Ethiopia: Deported From Saudi Arabia, Ethiopian Migrants Find Dilemma At Home

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"My main aim was to go there and earn more money, since I have seen a number of people from our locality that traveled there and changed their lives. My status was actually illegal since I [did not] have proper documents to live and work there," Sophia told IRIN.

Her parents used the money she sent home "mainly to buy food," she said.

She told IRIN she would not consider returning to Saudi Arabia.

"I will work here in my country because I have seen enough suffering in the past month alone. They kept us in camps in an inhumane way until our arrival here."

Mursan Ali, 36

Mursan Ali, a 36-year-old father of two, travelled to Saudi Arabia two years ago. His journey involved walking to the coast of Djibouti, on the Gulf of Aden, surviving only on the food he carried and a bottle of water, and sleeping unprotected on the ground at night for five days. From there, his smugglers put him on the boat to Yemen.

But the boat was wrecked off the coast of Yemen; Ali was among 35 people rescued. He and the other migrants were taken to a Yemeni prison, where they spent six months before being transferred to a camp to await deportation.

"A number of us managed to escape out of it [the camp] and joined the workforce," Ali told IRIN.

After his escape, he trekked overland to Saudi Arabia.

"I was working as a metal worker and was earning [about] 1,500 Saudi riyals [$400] at the time. I cannot make that much money here in Ethiopia."

To pay his smugglers, he had saved 4,000 birr [$209] out of the 50 birr daily wage he earned as a construction worker in the capital, Addis Ababa.

"My family is poor, and all I have known is poverty. I wanted to earn enough money to help my family, and people told me about jobs in Saudi Arabia which were paying [better] than what I earned as manual laborer in Ethiopia," he told IRIN.

He hopes that the Ethiopian government's promise to create more jobs can help halt irregular migration to the Middle East.


Tassew lives with his sister, Negash, a 35-year-old cleaner and mother of one, and another sibling Mesfin in a tiny tin-walled shack in Addis Ababa.

Tassew and Mesfin were among those deported from Saudi Arabia. Negash now supports both of them.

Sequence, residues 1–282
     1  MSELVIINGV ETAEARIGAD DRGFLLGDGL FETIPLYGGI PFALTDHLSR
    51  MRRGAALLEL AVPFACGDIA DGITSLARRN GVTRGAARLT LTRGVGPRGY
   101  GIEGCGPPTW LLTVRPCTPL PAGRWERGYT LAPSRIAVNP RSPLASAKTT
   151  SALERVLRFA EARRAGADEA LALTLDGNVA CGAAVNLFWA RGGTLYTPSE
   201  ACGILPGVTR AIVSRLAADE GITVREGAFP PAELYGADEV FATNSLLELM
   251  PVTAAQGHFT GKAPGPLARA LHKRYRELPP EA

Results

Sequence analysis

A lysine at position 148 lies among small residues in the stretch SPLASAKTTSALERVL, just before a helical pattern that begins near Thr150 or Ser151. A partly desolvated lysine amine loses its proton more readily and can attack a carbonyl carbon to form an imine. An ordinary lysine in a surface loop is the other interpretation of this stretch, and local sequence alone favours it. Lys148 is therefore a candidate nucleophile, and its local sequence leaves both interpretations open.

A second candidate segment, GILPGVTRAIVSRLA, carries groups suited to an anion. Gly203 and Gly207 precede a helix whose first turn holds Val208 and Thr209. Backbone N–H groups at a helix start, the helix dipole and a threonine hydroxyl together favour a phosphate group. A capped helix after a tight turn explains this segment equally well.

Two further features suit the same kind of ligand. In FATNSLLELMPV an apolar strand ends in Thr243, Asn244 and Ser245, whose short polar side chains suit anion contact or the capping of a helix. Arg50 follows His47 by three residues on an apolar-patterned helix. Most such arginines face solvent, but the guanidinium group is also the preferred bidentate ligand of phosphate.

"They could support me when they were there," Negash told IRIN, "but now, I will use my small salary to support the four of us. It is hard because they came with nothing, and they will take a long time to get jobs here. They will burden me, but I can't send them away."

She added, "I saved a little of what they sent me to start a business, but now I can't [save money] because I will use it to provide for them and myself."

Tassew does not rule out looking for opportunities outside again. "If it is hard to go to Saudi Arabia, I will look out for other countries where I can find work. I can go to Sudan or somewhere, because here, it is hard to be employed," he said.

According to the International Fund for Agricultural Development (IFAD), Ethiopia "remains one of the world's poorest countries. About 29 per cent of the population lives below the national poverty line".

Fatima, 23

Fatima,* 23, stayed in Saudi Arabia for just six months before she was deported.

She told IRIN, "I haven't finished paying my smugglers, and now they will want their money. I still owe them 5,000 birr [$260], and they will now auction my parents' property" through their agents in Addis Ababa, where her parents live.

"I was to pay them when I arrived and found a job in Saudi Arabia. I was deported before I could get enough money," she said.

[This report does not necessarily reflect the views of the United Nations.]

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Migrants Dilemma In Ethiopia

Ethiopian migrants deported from Saudi Arabia await registration at the Bole International Airport in Addis Ababa

At least 144,000 migrants have returned home from Saudi Arabia where they had gone in search of a better life, a number the government had not antcipated or budgeted for. Read more »